I love the analogy of clay in the potter’s hand. But I also love the picture of being that vessel God can use. In Scripture we see examples of empty pots being filled by God, as in Elisha and the widow, and Jesus at the wedding. We see pots that are clean on the outside, but filthy inside as in the hypocrisy of the Pharisees. We see a woman at a well ready to fill her pot with water when Jesus offers her Living Water. We see a broken pot no one wants, here in 22:28.

Today, I want to be both pliable clay in the hands of the Potter, and an empty vessel that only wants to be filled by God Himself. I want Him to mold, push and pull me and never stop until I meet Him face to face. I want to be that vessel filled to overflowing by the Holy Spirit so that I, like Jeremiah will be compelled to speak of God every chance I get.

Jeremiah said this:

But if I say, “I will not mention (God) or speak any more in his name,” his word is in my heart like a burning fire, shut up in my bones. I am weary of holding it in; indeed I cannot.” (20:9)

I want to be a vessel not satisfied with keeping God to myself, but one used for exactly the reason I was created: to know God AND to make Him known.

As old as I am, I am still becoming me. And honestly, I don’t want the responsibility. I’ve never heard of a lump of clay creating a pot of itself, anyway. I want to put my self in the hands of the Potter, and trust Him to create a beautiful vessel He can use for His Name.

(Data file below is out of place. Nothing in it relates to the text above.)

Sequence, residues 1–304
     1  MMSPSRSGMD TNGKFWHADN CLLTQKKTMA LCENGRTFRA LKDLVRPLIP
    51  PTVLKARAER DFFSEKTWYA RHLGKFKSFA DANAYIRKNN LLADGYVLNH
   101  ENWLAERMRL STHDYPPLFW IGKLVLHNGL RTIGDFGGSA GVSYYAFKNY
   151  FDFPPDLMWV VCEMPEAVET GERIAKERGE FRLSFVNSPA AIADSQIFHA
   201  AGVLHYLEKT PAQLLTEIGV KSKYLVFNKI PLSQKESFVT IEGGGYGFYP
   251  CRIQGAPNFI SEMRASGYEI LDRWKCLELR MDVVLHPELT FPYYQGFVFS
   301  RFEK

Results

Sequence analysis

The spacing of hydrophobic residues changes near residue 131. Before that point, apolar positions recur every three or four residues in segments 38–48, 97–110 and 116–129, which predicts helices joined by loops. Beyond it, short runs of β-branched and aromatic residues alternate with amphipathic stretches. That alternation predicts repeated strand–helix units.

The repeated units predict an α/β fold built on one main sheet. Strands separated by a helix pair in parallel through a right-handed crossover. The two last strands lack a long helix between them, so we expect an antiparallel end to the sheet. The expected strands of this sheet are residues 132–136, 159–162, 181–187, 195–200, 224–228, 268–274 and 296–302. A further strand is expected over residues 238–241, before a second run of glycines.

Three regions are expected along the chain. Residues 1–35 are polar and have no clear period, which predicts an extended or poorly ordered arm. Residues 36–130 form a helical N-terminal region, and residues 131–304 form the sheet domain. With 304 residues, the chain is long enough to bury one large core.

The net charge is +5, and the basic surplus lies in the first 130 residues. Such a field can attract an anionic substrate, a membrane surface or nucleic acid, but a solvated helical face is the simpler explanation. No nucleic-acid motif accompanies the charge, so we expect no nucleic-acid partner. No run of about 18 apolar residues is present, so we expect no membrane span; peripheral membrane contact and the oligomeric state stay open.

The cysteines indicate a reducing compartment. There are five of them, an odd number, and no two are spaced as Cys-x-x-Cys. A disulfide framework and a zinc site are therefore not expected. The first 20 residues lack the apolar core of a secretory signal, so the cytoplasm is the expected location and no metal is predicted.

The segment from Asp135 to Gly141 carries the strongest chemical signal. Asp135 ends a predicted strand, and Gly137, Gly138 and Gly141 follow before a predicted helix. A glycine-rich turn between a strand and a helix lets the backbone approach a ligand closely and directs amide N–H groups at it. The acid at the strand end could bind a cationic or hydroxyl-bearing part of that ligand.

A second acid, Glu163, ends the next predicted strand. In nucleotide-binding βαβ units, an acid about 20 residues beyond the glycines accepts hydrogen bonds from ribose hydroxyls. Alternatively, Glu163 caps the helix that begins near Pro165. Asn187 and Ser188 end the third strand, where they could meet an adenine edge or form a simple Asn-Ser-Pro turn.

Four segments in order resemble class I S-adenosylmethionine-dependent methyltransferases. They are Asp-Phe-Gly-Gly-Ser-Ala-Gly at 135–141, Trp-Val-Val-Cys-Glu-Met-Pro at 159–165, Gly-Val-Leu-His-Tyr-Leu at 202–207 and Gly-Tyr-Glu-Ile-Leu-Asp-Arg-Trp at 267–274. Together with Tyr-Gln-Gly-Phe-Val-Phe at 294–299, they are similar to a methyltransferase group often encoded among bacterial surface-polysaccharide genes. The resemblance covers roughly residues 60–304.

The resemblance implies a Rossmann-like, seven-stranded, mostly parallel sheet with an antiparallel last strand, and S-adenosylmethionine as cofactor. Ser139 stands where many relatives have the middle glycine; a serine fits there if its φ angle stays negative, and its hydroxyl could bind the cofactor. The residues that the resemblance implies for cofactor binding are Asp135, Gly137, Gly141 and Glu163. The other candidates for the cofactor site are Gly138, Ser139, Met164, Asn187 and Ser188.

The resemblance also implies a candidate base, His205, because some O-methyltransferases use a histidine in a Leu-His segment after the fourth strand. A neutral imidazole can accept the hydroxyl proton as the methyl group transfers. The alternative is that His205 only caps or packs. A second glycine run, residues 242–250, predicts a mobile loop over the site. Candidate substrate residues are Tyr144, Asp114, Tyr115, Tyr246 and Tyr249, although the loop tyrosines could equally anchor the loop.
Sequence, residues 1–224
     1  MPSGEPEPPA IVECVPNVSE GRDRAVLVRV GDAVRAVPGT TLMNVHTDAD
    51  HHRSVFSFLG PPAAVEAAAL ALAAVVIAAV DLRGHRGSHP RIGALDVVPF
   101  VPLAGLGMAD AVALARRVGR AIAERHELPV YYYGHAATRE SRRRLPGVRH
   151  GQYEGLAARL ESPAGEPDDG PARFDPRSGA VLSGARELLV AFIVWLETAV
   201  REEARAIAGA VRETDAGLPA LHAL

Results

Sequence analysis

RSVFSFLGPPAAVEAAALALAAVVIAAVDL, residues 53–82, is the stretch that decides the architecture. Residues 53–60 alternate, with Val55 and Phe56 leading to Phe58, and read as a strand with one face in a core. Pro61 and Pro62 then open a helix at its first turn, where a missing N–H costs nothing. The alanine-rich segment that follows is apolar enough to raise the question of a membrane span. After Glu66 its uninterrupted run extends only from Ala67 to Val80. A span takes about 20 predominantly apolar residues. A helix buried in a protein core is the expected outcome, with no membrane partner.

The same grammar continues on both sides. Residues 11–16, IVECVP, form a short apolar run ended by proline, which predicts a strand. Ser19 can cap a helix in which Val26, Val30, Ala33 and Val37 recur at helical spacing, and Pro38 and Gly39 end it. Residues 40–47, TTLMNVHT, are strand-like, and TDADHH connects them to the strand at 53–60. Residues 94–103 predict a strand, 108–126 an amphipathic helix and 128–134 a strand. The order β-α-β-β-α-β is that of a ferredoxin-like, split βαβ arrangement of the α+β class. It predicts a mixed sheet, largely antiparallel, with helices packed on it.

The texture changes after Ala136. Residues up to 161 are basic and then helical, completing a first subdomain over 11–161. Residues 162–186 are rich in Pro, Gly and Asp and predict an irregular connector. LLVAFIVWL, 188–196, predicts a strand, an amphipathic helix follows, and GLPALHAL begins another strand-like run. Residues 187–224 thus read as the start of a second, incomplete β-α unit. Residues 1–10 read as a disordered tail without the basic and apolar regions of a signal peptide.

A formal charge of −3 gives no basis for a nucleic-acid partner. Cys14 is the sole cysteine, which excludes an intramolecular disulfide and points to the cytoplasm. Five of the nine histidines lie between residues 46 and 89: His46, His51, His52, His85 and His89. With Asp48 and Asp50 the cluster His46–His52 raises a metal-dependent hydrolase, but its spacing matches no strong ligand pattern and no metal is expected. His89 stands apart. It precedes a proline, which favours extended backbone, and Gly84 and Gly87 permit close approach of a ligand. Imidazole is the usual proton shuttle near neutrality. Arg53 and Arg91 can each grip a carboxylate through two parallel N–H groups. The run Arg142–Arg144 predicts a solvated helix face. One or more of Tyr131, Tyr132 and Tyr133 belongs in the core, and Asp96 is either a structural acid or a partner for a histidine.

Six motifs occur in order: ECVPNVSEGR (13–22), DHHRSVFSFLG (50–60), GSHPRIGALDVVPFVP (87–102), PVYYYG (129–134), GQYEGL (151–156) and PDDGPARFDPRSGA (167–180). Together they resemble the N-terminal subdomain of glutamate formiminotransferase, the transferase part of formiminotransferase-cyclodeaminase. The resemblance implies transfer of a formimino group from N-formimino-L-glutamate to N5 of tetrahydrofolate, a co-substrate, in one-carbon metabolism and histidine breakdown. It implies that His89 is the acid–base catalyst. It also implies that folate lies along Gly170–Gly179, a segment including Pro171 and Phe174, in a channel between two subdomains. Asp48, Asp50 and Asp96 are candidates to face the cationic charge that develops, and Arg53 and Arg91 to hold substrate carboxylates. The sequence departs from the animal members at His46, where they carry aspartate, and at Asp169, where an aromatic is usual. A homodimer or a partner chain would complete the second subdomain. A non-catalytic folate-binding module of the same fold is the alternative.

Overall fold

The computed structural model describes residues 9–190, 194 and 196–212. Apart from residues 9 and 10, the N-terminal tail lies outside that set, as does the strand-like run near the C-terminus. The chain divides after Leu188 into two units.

There is an old hymn that keeps running through my mind this morning. The first verse speaks about me being the clay, the last verse about being that vessel. I want to leave you with these beautiful words:

HAVE THINE OWN WAY, LORD: by Adelaide Pollard

Have Thine own way, Lord! Have Thine own way!
Thou art the potter, I am the clay!
Mold me and make me after Thy will,
While I am waiting, yielded and still.

Have Thine own way, Lord! Have Thine own way!
Hold o’er my being absolute sway!
Fill with Thy Spirit till all shall see
Christ only, always, living in me.

November 12; Unschooled and Ordinary

Acts 3:1-5:16

Peter amazes me. The disciple had spent most of the three years he was with Jesus, with his foot firmly planted in his mouth. You can’t fault Peter’s enthusiasm for the Messiah. He just didn’t always think before he acted or said something. He seemed an unlikely leader.

But something happened to Peter. Acts 4:8 tells us what that something was:

Then Peter, filled with the Holy Spirit…